Part 4: The end and the new beginning
The original series continued with a rapid turnover, including a number of new ideas and scenarios. 1985’s releases included Ian Livingstone’s ‘Freeway Fighter’, a ‘Mad Max’ inspired adventure involving vehicular combat, Andrew Chapman’s pirate story ‘Seas of Blood’ which contained sea-based combat and Jackson’s ‘Appointment with F.E.A.R.’, which introduced a hero points attribute as an award for committing a particularly heroic act.
The following year samurai fighting featured in Mark Smith and Jamie Thomson’s ‘Sword of the Samurai’, while the American Steve Jackson penned an adventure set almost entirely underwater (‘Demons of the Deep’) and introduced dinosaurs in ‘Robot Commando’, his final writing credit in the series. The British Steve Jackson also released his final book of the series, ‘Creature of Havoc’, in which the player took the mantle of the titular creature who begins the adventure with no memory, and Livingstone released a sequel to ‘Deathtrap Dungeon’ in the shape of ‘Trial of Champions’.
As the decade wore on the production line slowed, with just four titles released in 1989 (at least six had been produced each year going back to 1984), and then only three releases in both 1990 and 1991. It was obviously becoming harder to be original following nearly 50 releases, and constantly advancing technologies meant that interactive adventure games on computers had become increasingly sophisticated. Puffin Books and Jackson and Livingstone agreed that the series should conclude with its 50th release to coincide with the tenth anniversary of the series.
Livingstone wrote the 50th book, 1992’s ‘Return to Firetop Mountain’, which reintroduced the setting and main antagonist of the original, ‘Firetop Mountain’ and ‘Zagor the Warlock’ respectively. Perhaps due to the nostalgia factor or the anniversary hype, this book sold more than some of its immediate predecessors, so Puffin decided on a stay of execution.
However the axe fell on the series following its 59th release, 1995’s ‘Curse of the Mummy’, although Jonathan Green who wrote book 59 had already drafted ‘Bloodbones’, the intended 60th book, before Puffin pulled the plug in 1997.
Legacy and revival
So why were ‘Fighting Fantasy’ books so popular in the 80s? There were two demographics that they had particular success with. Parents and schoolteachers remarked at the time that they were a good access point to the world of literature for reluctant readers. Meanwhile ‘Dungeons & Dragons’ had started a growing craze for role-playing and ‘Fighting Fantasy’ offered a cheaper, solo alternative.
Because of the graphic cover art, the short snappy sections of text and the gamification aspect, the books had a cool, edgy feel that made them more appealing than most other young adult reading options. The fact that these books told readers that ‘you are the hero’, along with the fantastical nature of the plots, were other aspects that teenagers gravitated towards.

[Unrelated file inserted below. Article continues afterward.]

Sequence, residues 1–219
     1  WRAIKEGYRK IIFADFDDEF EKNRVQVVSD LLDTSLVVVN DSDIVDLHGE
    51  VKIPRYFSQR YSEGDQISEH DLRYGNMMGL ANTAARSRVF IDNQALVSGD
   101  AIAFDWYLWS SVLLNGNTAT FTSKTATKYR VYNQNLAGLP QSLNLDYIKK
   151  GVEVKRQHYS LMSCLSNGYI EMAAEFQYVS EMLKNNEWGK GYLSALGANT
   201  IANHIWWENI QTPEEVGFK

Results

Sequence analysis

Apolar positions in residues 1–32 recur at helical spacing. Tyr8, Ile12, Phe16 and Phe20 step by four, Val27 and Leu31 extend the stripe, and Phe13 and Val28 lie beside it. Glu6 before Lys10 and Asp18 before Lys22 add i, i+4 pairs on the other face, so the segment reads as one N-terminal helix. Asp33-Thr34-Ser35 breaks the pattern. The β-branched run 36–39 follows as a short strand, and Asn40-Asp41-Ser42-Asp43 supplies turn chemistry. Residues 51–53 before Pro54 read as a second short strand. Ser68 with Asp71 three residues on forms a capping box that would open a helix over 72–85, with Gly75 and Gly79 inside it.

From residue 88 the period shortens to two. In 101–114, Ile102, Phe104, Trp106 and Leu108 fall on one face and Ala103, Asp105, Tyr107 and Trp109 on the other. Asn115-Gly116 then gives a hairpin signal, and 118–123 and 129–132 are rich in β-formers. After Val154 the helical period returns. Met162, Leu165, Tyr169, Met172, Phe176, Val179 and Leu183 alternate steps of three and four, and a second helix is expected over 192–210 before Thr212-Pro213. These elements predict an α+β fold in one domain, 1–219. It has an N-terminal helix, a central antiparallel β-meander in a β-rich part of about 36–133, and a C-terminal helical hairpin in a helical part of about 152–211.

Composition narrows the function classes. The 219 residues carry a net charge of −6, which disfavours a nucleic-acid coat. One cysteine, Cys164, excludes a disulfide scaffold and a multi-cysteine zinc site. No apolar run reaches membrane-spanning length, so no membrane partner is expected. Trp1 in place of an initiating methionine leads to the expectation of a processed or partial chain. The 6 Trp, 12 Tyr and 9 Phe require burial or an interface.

The series was resurrected for the 21st century with classic books being re-released and new titles gradually produced. A small publisher called Icon Books launched their children’s imprint, Wizard Books, with the re-release of ‘The Warlock of Firetop Mountain’ and other classic titles from the original series. An official website was also created.
In 2005 the first new ‘Fighting Fantasy’ book in a decade was published in the shape of Ian Livingstone’s ‘Eye of the Dragon’, while two further new adventures followed including Jonathan Green’s long-awaited ‘Bloodborne’.
Due to disappointing sales, Wizard Books began republishing the series again in 2008, with three more new titles created. Then in 2017 and 2018 Scholastic Books embarked on a project involving the re-release of 10 classic books and two new adventures by Ian Livingstone and Charlie Higson.
Meanwhile ‘Fighting Fantasy’ has been embraced by the technology that damaged its sales in the 90s. Australian games development studio Tin Man Games released a digital library app in 2018 which contains, to date, 10 adventures from the series. Scores and items are tallied for players who can toggle on a mechanic which allows them to go backwards to make a different choice if they are unhappy with the path they have taken. A map is sketched out for players as they progress through the adventures, and they can place bookmarks throughout to save their progress up until that point. Dice rolling involves a touch of the screen, which makes the digital version significantly easier to play than the original books on the commute into work…
A conference to celebrate the enduring popularity of the series was launched in 2014, and the third ‘Fighting Fantasy Fest’ takes place in London in August 2019 with Jackson and Livingstone in attendance to deliver a talk and sign books.
While not the force it was in the 80s, ‘Fighting Fantasy’ still lives on in the memories of children of the 80s, while winning over new converts.
Congratulations on reaching the end of this blog on ‘Fighting Fantasy’ books, your treasure awaits you. All you need to do is use keys 111, 111 again and 99 to unlock the chest and claim your riches. What do you mean you didn’t collect those keys? Back to the start with you!